Hawaii Guard, Philippines Train on Search and Rescue Skills

By Master Sgt. Mysti Bicoy, Commander, Logistics Group Western PacificSeptember 6, 2023

U.S. Army and Air National Guard members train with Armed Forces of the Philippines service members and Disaster Risk Reduction Management Office staff on urban search and rescue skills Aug. 29, 2023, at La Union Elementary School, San Fernando City, Philippines. Now in its 18th year, Pacific Partnership is the largest annual multinational humanitarian assistance and disaster relief preparedness mission conducted in the Indo-Pacific. (U.S. Air National Guard photo by Master Sgt. Mysti Bicoy)
U.S. Army and Air National Guard members train with Armed Forces of the Philippines service members and Disaster Risk Reduction Management Office staff on urban search and rescue skills Aug. 29, 2023, at La Union Elementary School, San Fernando City, Philippines. Now in its 18th year, Pacific Partnership is the largest annual multinational humanitarian assistance and disaster relief preparedness mission conducted in the Indo-Pacific. (U.S. Air National Guard photo by Master Sgt. Mysti Bicoy)
(Photo Credit: Master Sgt. Mysti Bicoy)
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SAN FERNANDO, Philippines - The Hawaii National Guard engaged in an urban and mountain search and rescue subject matter expert exchange with the 505th Search and Rescue Group, Philippine Air Force, and the 525th Engineer Combat Battalion, 51st Engineer Brigade, Philippine Army.

This Aug. 15-31 event enhanced disaster response and interoperability for humanitarian assistance and disaster relief operations.

The U.S. Pacific Fleet Pacific Partnership 2023 supported the exchange. The training included mountain search and rescue, focusing on ropes rescue for three days, followed by three days dedicated to urban search and rescue.

“I am grateful for the opportunity to work side-by-side with the Hawaii Army National Guard Soldiers, the Armed Forces and partnerships in the Philippines,” said Tech. Sgt. Jane Cabusao, 154th Medical Group Detachment 1, urban search and rescue team member. “We were able to collaborate on our technical skills as well as gain an understanding of our cultures.”

Participants practiced collapsed structure rescue, shoring, confined space rescue, urban search and rescue structure identification, and structure assessment signs and markings. The exchange culminated in a comprehensive earthquake simulation.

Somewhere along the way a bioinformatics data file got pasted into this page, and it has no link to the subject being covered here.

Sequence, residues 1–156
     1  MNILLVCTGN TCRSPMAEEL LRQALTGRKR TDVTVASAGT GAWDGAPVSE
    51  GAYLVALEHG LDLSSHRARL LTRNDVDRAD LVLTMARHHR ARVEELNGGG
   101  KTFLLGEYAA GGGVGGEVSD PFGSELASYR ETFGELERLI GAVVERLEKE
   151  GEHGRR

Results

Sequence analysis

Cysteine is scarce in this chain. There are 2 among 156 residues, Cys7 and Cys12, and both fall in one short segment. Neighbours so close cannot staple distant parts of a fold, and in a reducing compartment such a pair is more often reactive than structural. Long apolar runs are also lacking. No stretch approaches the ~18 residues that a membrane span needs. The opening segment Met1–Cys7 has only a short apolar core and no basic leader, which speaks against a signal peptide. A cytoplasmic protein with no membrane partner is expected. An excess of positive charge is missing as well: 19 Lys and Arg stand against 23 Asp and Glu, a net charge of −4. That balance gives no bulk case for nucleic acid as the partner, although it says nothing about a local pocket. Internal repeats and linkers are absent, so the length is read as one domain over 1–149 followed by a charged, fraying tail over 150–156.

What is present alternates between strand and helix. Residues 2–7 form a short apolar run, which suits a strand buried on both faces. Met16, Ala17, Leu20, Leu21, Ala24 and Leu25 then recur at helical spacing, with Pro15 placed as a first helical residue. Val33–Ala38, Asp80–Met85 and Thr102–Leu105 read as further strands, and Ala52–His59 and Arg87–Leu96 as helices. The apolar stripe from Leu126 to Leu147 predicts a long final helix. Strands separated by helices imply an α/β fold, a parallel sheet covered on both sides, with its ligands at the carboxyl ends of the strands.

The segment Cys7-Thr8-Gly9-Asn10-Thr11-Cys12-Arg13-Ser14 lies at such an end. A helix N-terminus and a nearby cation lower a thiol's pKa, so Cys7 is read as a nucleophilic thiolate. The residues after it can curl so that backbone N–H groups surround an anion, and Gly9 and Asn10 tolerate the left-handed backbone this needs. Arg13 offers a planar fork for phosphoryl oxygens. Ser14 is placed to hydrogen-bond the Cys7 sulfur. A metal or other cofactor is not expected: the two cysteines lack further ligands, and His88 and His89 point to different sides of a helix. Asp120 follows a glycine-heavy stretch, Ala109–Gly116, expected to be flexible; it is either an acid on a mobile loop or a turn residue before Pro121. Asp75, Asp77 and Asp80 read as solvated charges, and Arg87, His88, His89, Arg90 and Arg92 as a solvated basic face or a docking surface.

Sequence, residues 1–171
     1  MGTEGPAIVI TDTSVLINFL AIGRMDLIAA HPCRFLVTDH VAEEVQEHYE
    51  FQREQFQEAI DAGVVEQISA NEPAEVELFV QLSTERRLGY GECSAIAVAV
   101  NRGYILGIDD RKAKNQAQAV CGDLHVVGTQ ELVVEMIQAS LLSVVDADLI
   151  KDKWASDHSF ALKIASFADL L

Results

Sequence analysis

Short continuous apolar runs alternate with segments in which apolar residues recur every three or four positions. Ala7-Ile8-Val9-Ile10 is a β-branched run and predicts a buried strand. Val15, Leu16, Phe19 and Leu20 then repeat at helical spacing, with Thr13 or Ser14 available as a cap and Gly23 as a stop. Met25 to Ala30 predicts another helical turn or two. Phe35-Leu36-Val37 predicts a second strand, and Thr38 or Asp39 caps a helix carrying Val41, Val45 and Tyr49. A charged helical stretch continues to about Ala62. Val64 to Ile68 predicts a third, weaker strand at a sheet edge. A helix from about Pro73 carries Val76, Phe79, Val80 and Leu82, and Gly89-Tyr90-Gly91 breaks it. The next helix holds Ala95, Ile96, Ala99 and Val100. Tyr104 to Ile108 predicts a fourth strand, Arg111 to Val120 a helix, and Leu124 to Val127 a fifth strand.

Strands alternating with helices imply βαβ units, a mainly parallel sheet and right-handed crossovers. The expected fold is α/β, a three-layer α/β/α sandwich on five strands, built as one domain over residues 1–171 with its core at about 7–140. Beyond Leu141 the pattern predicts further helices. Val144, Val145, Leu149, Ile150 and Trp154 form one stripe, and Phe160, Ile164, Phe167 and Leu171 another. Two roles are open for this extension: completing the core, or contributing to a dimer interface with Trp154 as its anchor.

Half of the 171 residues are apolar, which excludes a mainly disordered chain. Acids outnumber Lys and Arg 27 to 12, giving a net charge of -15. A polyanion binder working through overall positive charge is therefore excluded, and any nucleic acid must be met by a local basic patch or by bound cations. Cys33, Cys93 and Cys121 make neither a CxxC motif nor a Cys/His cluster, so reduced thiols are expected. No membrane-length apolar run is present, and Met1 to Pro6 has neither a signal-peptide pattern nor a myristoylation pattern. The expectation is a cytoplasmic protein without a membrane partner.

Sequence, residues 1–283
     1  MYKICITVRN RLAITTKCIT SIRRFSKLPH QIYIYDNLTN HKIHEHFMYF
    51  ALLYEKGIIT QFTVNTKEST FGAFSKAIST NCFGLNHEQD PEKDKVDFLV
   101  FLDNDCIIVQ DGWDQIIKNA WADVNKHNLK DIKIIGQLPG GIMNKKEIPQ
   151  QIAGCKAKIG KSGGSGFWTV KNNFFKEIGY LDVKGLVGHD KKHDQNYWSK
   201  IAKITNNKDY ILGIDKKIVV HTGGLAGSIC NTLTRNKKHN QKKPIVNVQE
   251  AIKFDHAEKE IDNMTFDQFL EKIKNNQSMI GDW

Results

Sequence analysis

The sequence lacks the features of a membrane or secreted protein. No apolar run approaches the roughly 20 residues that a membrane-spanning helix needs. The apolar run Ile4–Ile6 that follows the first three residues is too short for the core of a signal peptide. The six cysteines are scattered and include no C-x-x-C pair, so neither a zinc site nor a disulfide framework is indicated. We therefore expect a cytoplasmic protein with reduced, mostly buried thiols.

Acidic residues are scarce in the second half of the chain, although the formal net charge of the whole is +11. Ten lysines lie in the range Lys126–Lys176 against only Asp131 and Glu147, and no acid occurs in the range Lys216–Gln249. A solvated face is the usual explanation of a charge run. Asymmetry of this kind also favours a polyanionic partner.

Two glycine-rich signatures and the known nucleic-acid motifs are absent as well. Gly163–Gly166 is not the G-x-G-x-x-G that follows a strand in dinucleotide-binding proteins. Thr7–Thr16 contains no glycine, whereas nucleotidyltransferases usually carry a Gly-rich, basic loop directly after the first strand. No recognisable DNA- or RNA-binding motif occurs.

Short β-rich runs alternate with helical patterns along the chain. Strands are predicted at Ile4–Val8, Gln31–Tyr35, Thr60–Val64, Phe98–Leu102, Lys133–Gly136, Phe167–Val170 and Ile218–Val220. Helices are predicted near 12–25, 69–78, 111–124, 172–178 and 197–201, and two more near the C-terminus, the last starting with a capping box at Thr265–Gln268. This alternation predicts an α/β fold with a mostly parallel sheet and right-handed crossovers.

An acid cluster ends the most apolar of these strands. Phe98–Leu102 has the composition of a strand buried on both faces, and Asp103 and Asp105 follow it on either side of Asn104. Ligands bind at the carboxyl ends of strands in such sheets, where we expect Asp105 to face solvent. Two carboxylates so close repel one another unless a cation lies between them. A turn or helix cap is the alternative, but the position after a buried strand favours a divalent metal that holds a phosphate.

“We work with the host nation and our partners and try to find ways to increase capacity in the ways that they already have been training,” said Capt. Aaron Hew Len, 93rd Civil Support Team chemical, biological, radiological, nuclear, and high yield explosives officer in charge. “In this case, we worked on a medical line of effort, humanitarian assistance, and disaster relief line of effort. We identify readiness capability gaps or limitations and continue to improve.”

Acknowledging strengths and weaknesses is pivotal when developing effective plans and processes.

“There’s not always going to be a perfect execution in a situation fraught with fear and disaster,” he said. “But if we can think through the processes we were trained on in these scenarios, we can be successful.”

Training exercises like these offered Hawaii National Guardsmen knowledge, skills and opportunities to collaborate with services they don’t typically interact with. Yet, for 1st Sgt. Rodolfo Acosta, a Hawaii Army National Guard Soldier who left his home country at the age of 4 and returned as an adult, this experience allowed him to contribute to his community.

“Being born here and being Filipino is like helping the community that is so close to my hometown,” said Acosta. “Giving them my experience and knowledge in urban search and rescue is important because Filipinos live in a place that has so many natural disasters. At least I get to kind of help out and share my knowledge.”

Hew Len said Filipino-American Soldiers, Sailors, Airmen and Coast Guardsmen helped make the exercise a success.

“I am grateful for the positive impact of individuals with Filipino-American heritage, transforming the environment into a family-oriented one that significantly improved interactions with partners in the Indo-Pacific region,” he said.

Pacific Partnership, now in its 18th year, is the longest-running multinational humanitarian assistance disaster relief mission in the Indo-Pacific. Each year, the mission team collaborates with host and partner nations to enhance regional interoperability and disaster response capabilities, bolster security and stability in the region and nurture friendships.

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